Making a New Year's pledge to stay safe

Maybe instead of deciding to hit the gym more often or give up snack foods, you should concentrate on not ending up in the emergency room in 2014.

Good morning, and let's be honest — your New Year's resolutions are probably only good for a week, maybe two.

Instead of trying to give up chips and salsa or joining a gym, you would be better off aiming not to be one of the millions who will land in emergency rooms in 2014 for entirely avoidable mishaps. And I just happen to have some pointers from ER doctors who have seen it all.

In November, after writing about federal judge and WWII veteran Harry Pregerson's continued good deeds for his fellow servicemen and women, I got a book in the mail from the judge's nephew, Dr. Brady Pregerson.

It's called "Think Twice: More Lessons From the ER," and it's a sequel to his book: "Don't Try This at Home."

"I was sewing up a friend who had cut his hand trying to clean out the inside of a wine glass," Pregerson said. "And I told him, 'I've seen this so many times, I should write a book on stupid stuff not to do."

Like cutting frozen food with a sharp knife (the blade will find your fingers).

Like tailgating (the ER is filled with drivers who thought they would be able to stop in time).

Pregerson, like any ER doctor, has seen plenty of tragic, unavoidable injury, illness and death in more than a decade of working at hospitals in Los Angeles and San Diego County. But emergency rooms also serve as 24-hour convention centers for Darwin Award candidates — those who spray cooking oil onto the open flame of a barbecue grill or decide to climb up on the roof to clean the rain gutters after a couple of beers.

"Eighty-five percent of what is in this book is common sense," Pregerson says in the foreword to "Think Twice."

Reading his pamphlet-size compendium, I was reminded of conversations with my buddy Dr. Mark Morocco, who's also an emergency room doctor in Los Angeles. He can't recall how many times he's seen patients with fingers chopped in a tell-tale way.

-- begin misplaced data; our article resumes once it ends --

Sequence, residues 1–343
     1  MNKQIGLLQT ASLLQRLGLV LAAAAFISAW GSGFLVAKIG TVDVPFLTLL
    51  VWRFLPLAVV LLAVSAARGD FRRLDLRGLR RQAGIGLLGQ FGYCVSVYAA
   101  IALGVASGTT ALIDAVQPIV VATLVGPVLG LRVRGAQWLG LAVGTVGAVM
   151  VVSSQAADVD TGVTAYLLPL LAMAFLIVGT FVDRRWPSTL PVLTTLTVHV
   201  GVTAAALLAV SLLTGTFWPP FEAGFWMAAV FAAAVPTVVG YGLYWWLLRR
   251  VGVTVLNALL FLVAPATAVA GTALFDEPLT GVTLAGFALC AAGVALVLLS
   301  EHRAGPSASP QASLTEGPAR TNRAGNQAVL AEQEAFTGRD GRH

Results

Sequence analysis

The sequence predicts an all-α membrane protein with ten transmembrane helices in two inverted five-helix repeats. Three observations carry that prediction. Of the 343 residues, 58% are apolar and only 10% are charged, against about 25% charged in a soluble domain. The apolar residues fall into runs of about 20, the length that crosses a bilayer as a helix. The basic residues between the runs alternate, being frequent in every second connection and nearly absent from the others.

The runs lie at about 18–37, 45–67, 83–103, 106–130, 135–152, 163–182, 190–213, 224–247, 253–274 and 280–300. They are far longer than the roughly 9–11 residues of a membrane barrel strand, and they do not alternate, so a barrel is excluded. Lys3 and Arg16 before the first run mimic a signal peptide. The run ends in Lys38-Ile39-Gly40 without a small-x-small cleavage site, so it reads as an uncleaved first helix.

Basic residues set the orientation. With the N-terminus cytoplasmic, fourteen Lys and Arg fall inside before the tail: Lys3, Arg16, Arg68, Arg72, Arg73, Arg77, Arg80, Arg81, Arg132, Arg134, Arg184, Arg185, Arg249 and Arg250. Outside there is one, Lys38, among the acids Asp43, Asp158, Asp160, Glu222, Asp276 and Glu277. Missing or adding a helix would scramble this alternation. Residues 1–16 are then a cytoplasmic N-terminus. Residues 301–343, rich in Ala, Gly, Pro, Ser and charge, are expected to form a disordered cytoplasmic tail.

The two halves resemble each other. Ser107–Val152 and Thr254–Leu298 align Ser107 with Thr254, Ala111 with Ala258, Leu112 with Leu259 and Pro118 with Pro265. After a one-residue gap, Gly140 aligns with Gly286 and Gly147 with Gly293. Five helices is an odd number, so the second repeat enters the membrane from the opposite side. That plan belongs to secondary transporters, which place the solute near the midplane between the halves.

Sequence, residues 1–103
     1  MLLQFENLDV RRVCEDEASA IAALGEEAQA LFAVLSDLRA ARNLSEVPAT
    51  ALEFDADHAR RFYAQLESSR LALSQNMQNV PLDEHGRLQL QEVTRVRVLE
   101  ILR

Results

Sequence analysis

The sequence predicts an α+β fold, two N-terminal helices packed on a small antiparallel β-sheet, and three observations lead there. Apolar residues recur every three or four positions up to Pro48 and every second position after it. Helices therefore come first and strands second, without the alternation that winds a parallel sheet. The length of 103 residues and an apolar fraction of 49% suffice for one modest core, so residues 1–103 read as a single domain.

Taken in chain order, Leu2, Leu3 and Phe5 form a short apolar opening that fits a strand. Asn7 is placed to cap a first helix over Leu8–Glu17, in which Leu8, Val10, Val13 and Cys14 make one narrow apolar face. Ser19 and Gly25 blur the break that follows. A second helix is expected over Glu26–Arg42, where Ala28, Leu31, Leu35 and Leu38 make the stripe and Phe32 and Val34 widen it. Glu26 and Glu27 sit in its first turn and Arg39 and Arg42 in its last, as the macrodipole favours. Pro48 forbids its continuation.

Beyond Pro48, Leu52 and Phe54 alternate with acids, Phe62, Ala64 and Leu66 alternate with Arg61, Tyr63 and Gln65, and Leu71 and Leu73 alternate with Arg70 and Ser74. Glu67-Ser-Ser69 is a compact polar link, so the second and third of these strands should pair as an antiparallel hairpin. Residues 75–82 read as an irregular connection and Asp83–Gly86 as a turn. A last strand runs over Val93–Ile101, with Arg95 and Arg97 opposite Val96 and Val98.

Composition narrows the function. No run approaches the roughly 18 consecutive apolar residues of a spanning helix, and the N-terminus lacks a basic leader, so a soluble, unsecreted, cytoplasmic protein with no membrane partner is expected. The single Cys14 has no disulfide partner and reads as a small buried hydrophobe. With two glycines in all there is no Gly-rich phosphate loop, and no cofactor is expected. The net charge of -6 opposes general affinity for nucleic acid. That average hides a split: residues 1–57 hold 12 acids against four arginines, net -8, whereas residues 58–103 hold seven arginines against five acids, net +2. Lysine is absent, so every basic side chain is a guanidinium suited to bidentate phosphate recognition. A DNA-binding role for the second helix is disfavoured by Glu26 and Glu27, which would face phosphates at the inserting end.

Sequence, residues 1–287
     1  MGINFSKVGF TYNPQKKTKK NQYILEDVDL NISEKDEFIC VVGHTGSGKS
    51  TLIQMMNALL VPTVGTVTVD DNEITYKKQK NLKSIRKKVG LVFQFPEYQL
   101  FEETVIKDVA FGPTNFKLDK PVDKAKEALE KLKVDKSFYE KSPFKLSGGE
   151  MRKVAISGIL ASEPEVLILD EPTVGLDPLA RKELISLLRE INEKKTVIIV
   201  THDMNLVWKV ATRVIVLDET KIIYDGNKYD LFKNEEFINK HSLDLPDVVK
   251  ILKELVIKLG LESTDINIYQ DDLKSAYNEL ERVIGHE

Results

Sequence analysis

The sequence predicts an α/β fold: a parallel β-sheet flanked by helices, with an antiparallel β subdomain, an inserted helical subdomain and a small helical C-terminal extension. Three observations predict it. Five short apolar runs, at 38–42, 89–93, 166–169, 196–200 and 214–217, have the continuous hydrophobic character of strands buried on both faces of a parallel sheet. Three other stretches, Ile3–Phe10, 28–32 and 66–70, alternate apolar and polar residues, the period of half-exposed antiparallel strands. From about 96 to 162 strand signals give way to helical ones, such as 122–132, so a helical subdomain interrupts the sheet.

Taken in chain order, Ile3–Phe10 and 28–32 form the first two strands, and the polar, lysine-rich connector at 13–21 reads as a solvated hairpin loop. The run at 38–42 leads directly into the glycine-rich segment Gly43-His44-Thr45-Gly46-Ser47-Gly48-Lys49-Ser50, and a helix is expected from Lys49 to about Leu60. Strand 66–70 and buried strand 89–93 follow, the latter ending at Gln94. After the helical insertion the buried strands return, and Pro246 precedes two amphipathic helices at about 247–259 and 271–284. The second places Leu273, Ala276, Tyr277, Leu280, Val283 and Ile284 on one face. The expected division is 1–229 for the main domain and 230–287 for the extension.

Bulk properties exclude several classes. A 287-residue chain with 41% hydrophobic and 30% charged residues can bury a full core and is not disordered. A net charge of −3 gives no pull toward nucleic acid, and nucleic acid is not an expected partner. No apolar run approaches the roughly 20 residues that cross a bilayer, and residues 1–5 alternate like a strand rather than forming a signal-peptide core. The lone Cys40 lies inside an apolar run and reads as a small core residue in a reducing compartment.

"So, you were cutting a bagel?" he'll ask.

Yeah, how'd you know?

Here's a no-brainer, in more ways than one: If you ride a bike, in a region with 40 billion or so cars, you should wear a helmet, right?

You'd think so, but a long line of knuckleheads missed that memo, and Morocco sees a few serious head injuries monthly.

Lately, Morocco said, there's been a run on infected piercings. He had one patient drop in with a tongue the size of an air mattress. He couldn't understand what she was saying, but the patient's friend was somehow able to translate the babbling when Morocco asked who had done the nice piercing job.

"A friend of a friend up on Sunset."

She would have been better off going to a tire shop.

Now that anyone who stubs a toe can get medical marijuana, Morocco sees patients who prescribed themselves a little too much medicine.

"They think they're having a stroke," he said, and have no idea what's wrong with them.

He will ask if they have had anything unusual to eat or drink, and patients have been known to say they took a bite of a marijuana-laced cookie "and didn't feel anything. So I ate six."

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